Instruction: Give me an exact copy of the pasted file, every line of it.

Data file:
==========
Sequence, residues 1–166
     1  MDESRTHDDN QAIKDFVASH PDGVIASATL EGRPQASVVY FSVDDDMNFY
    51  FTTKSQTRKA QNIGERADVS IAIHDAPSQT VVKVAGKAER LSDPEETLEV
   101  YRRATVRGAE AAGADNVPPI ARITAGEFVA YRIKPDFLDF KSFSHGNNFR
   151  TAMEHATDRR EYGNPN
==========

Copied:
Sequence, residues 1–166
     1  MDESRTHDDN QAIKDFVASH PDGVIASATL EGRPQASVVY FSVDDDMNFY
    51  FTTKSQTRKA QNIGERADVS IAIHDAPSQT VVKVAGKAER LSDPEETLEV
   101  YRRATVRGAE AAGADNVPPI ARITAGEFVA YRIKPDFLDF KSFSHGNNFR
   151  TAMEHATDRR EYGNPN